Her snow skin mooncakes, a traditional Chinese pastry stuffed with either a sweet or savory filling, are a favorite during the Mid-Autumn Festival. For the Lunar New Year, Fong says her top sellers are the Taiwanese pineapple cakes, filled with a sweet pineapple jam — a traditional snack symbolizing good luck and wealth for the new year — and topped with a golden-yellow flower cutout.

And Fong is a big believer in good luck; while each pop-up is a different experience, one constant is her cheerfully waving lucky cat by her side.

“When my family owned restaurants, we always had one to bring good fortune and bring blessings to everybody,” Fong said.

And luckily for fans of Maa Maa Dei, it seems to be working. — Tatyana Turner

Best Virtual Restaurant or Pop-Up runner-up: Brothers BBQ Food Truck

Stephanie Hart lives by an old Greek term used to describe what others may call a labor of love: meraki, “when you put your soul into something and hope that the other person receives it,” she says.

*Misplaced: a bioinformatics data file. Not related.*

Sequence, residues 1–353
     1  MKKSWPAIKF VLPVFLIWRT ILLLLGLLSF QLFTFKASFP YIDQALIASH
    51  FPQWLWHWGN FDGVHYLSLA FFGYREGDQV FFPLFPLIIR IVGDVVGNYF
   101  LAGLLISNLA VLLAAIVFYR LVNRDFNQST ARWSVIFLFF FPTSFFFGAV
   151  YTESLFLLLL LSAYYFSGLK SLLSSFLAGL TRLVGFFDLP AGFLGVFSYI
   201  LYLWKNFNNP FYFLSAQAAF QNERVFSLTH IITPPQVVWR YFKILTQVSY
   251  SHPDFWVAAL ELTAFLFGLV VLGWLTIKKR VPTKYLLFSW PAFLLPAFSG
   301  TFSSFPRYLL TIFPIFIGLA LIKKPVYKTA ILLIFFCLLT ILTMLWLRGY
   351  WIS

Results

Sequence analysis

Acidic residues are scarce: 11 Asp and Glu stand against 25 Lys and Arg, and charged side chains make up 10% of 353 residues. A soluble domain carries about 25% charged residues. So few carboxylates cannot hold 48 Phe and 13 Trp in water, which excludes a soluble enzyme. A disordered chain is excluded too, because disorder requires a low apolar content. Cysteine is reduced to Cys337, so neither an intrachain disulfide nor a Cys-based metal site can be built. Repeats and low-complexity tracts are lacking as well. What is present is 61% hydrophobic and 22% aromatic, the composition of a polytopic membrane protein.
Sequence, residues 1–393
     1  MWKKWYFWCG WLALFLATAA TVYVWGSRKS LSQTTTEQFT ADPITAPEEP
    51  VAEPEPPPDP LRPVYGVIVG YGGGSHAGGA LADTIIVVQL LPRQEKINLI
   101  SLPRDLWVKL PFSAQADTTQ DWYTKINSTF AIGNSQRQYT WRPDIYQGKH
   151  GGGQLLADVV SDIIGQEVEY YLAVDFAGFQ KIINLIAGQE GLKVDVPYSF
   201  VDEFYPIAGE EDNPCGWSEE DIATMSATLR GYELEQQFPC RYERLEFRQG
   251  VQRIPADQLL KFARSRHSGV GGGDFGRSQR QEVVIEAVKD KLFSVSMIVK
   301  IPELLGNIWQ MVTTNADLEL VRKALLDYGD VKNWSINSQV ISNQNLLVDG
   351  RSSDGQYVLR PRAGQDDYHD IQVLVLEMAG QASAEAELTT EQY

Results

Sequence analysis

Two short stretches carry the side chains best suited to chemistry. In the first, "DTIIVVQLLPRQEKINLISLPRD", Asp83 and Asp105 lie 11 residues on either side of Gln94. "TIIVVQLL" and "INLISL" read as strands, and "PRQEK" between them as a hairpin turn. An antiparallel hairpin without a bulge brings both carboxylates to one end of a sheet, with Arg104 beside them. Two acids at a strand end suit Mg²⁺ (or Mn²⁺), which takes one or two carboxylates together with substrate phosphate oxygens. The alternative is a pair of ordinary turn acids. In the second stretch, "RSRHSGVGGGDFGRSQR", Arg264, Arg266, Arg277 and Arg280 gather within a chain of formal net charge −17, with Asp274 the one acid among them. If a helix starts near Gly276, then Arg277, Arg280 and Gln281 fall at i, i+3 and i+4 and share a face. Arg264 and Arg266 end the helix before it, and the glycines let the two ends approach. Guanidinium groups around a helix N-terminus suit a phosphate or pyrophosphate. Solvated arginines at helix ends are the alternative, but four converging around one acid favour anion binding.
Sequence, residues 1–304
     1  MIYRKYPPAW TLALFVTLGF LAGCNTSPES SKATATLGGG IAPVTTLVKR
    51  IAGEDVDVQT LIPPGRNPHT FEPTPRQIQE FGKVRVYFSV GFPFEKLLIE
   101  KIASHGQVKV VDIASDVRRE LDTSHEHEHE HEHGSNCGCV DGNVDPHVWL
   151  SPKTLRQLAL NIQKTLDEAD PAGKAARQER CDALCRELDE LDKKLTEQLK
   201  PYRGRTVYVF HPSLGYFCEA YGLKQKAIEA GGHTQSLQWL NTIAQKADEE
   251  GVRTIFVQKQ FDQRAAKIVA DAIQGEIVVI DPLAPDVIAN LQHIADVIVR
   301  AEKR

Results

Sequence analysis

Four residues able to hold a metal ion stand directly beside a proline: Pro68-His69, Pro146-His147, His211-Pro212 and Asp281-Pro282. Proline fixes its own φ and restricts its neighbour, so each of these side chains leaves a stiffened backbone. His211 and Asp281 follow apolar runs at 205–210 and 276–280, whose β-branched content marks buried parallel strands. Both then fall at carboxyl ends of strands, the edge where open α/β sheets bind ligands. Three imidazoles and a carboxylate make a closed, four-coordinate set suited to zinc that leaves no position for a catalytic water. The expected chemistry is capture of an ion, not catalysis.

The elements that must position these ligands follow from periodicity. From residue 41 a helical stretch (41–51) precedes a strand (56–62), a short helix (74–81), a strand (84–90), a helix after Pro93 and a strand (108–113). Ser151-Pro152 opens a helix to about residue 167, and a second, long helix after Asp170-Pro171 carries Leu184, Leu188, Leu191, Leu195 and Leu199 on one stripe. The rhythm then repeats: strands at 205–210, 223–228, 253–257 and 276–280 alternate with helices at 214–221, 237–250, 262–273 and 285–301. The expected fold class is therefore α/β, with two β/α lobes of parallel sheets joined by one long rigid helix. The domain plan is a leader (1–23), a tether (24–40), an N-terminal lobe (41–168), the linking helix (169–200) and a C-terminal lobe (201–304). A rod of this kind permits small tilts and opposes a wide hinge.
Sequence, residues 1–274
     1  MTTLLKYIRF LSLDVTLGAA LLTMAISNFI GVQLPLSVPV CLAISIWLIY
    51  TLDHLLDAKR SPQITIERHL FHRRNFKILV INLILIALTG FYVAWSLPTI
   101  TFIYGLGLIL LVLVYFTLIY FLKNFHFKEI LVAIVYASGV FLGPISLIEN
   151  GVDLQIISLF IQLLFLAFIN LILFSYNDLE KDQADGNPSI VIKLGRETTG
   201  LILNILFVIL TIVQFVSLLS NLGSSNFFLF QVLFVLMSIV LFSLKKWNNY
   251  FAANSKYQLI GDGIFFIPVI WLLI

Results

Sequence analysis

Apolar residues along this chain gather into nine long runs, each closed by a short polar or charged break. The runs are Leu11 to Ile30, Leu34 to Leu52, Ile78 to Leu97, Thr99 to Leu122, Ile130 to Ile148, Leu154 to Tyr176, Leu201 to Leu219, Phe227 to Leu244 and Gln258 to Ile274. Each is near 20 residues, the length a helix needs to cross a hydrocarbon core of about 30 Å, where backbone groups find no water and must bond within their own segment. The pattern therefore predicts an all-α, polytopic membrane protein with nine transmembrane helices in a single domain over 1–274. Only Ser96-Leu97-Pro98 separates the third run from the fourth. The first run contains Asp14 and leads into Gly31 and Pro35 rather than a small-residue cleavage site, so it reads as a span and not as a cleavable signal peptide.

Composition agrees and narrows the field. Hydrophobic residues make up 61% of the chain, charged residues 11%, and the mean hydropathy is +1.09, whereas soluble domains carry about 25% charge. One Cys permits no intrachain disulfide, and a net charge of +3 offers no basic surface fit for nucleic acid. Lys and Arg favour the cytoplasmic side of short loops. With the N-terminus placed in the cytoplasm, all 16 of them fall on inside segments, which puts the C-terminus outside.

For Hart, whose Brown Sugar Bakery in the city’s Chatham neighborhood has been a cherished favorite for 18 years, says that sentiment is best reflected in her wildly popular carmel cake. “I think it’s the one I had to dig the deepest for,” she says.

Hart says people love this particular cake because it’s creamy, buttery and not trying to be anything else. “We call it carmel. It’s Southern. It’s how we say it. It’s the love — it’s the hang,” she says, describing the way the thick, glossy caramel just gently glides down the top of the cake and settles into a perfect drip halfway. “She is special. And it’s a simple formula, but not an easy thing to do.”